- October 30, 2018
- By Rebecca Walsh
- 2 comments
Objecting to the registration of a lasting power of attorney
A lasting power of attorney (LPA) is a legal document which allows a donor to appoint one of more persons, known as attorneys, to make decisions for them. These decisions can be related to health and welfare or property and finance. The donor is the person who gives authority to the attorney to act on their behalf. An LPA can be registered with the Public Guardian at any time, and will be effective once registered. This will provide the attorney with the right to make decisions for the donor. An LPA can be used even if the donor has not lost capacity.
An enduring power of attorney (EPA) is another legal document, which must be signed by both the donor and the attorney prior to the 1 October 2007. An EPA can no longer be amended or drafted, however, existing EPAs are still valid. As opposed to an LPA, an EPA will only relate to decisions regarding property and finance. An EPA will be valid once signed by both the donor, the attorney and the witnesses, however, it will only come in to effect once the donor has lost capacity. The EPA must be registered with the OPG to come in to effect.
Registering a LPA will result in the attorney being able to make decisions in the best interests of the donor. However, it is possible for objections to be raised, before the LPA is registered, to stop it becoming effective. There are four different forms which can be submitted, in order to object to the registration of the LPA.
The first form is referred to as an LPA006, which can be completed by the donor themselves. This form gives the donor the opportunity to provide their reasons for the objection to the LPA. The LPA006 must be submitted to the Office of the Public Guardian within three weeks of receiving notification of the registration.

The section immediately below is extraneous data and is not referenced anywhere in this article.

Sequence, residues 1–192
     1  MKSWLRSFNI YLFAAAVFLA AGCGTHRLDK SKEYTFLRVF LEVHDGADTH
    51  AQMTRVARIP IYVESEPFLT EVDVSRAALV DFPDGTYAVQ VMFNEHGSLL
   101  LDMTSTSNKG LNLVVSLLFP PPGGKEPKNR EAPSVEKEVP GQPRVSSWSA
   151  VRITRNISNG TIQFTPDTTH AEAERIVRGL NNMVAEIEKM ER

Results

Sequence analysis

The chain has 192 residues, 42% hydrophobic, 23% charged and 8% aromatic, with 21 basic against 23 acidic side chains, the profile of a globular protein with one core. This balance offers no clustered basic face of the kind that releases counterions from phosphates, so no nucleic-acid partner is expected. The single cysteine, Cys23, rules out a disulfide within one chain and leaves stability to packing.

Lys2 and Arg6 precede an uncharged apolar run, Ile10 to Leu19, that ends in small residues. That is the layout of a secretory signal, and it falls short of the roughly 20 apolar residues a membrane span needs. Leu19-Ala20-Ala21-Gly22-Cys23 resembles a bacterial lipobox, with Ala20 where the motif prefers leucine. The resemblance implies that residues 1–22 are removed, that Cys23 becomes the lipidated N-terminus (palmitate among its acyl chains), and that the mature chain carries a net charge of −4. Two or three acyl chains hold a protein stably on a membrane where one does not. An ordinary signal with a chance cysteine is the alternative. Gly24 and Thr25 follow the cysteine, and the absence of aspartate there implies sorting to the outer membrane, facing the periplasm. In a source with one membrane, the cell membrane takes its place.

The second form, referred to as an LPA007, can only be completed by the attorney themselves or a named person who has been notified. This form allows for objection against the LPA based on “factual grounds”. The factual grounds are as follows:
- The donor is bankrupt or interim bankrupt;
- The attorney is bankrupt or interim bankrupt;
- The attorney is a trust corporation that has been wound up or dissolved;
- The donor is dead;
- The attorney is dead;
- There has been a dissolution or annulment of a marriage or civil partnership between the donor and attorney;
- The attorney lacks capacity to act;
- The attorney has disclaimed appointment.
The third form, referred to as an LPA008, can be completed by the attorney or a named person who has been notified of the registration. The LPA008 form allows the person making the application to object to the registration of the LPA based on “prescribed grounds”. The prescribed grounds are as follows:
- The LPA isn’t legally correct (for example, you don’t believe the donor had the mental capacity to decide the make an LPA);
- The donor cancelled their LPA when they had capacity;
- The donor was pressured in to making the LPA;
- You suspect fraud;
- An attorney is acting against the donor’s best interests.
When submitting an LPA008 to the Office of the Public Guardian, the person applying (if they are the intended attorney or a named person who has been notified), will also be required to submit a COP 7 to the Court of Protection. A COP 7 is the application to object to the registration of an LPA.
For any other persons who wishes to object to the registration of an LPA, a COP 1 form will need to be submitted to the Court of Protection.
The forth form is only applicable if the attorney has applied for an EPA to be registered. An EP3PG form can be completed by the donor or their relatives who have been notified of the registration.
When objecting against the registration of an EPA, one of the following reasons must apply:
- The EPA isn’t legally correct (you believe the donor lacked mental capacity to decide to make an EPA);
- The donor cancelled their EPA when they had capacity;
- The application is premature because the donor has not lost mental capacity;
- The donor was pressured to make the EPA;
- You suspect fraud;
- The attorney is unsuitable to act on behalf of the donor.
When submitting an EP3PG form to the Office of the Public Guardian, a COP 8 will also need to be submitted to the Court of Protection. A COP 8 form is an application relating to the registration of an EPA.
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